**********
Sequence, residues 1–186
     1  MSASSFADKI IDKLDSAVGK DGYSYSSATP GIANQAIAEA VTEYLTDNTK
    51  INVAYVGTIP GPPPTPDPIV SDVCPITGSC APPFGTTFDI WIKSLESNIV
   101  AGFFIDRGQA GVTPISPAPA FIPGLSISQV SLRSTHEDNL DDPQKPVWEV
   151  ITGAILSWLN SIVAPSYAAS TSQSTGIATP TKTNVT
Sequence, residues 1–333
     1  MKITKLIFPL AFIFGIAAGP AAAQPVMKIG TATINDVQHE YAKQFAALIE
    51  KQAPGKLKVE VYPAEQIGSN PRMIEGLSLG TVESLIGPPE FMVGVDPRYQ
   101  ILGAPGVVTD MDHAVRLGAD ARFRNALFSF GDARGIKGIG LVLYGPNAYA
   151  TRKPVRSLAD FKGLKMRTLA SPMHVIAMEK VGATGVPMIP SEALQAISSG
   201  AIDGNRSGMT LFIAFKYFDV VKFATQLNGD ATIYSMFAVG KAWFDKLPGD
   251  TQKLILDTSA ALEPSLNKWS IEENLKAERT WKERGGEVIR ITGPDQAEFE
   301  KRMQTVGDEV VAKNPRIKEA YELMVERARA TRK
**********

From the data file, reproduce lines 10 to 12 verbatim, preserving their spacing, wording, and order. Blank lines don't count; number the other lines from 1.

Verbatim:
   151  TRKPVRSLAD FKGLKMRTLA SPMHVIAMEK VGATGVPMIP SEALQAISSG
   201  AIDGNRSGMT LFIAFKYFDV VKFATQLNGD ATIYSMFAVG KAWFDKLPGD
   251  TQKLILDTSA ALEPSLNKWS IEENLKAERT WKERGGEVIR ITGPDQAEFE